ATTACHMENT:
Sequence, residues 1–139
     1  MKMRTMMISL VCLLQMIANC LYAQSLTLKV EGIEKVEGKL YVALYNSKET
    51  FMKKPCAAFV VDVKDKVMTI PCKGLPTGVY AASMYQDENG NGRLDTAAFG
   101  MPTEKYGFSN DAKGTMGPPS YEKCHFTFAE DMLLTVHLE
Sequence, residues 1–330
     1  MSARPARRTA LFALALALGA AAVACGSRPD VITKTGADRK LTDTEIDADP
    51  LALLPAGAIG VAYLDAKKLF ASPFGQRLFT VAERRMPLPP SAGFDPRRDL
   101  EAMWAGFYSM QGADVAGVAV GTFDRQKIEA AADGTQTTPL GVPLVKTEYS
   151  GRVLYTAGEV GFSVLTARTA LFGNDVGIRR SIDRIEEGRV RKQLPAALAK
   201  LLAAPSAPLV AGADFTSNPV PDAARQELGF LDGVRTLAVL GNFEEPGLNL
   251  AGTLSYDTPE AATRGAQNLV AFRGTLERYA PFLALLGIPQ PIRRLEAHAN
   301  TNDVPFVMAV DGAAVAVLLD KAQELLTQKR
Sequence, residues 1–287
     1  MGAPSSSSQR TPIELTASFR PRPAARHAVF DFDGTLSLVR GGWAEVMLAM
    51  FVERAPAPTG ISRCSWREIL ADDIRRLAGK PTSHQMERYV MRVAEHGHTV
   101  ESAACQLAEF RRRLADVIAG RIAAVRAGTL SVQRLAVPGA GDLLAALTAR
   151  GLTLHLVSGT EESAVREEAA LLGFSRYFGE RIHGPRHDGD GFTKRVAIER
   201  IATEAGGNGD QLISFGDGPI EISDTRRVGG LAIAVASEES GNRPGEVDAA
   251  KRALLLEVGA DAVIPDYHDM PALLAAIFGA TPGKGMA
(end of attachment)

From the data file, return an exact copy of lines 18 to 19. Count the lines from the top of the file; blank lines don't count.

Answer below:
   201  IATEAGGNGD QLISFGDGPI EISDTRRVGG LAIAVASEES GNRPGEVDAA
   251  KRALLLEVGA DAVIPDYHDM PALLAAIFGA TPGKGMA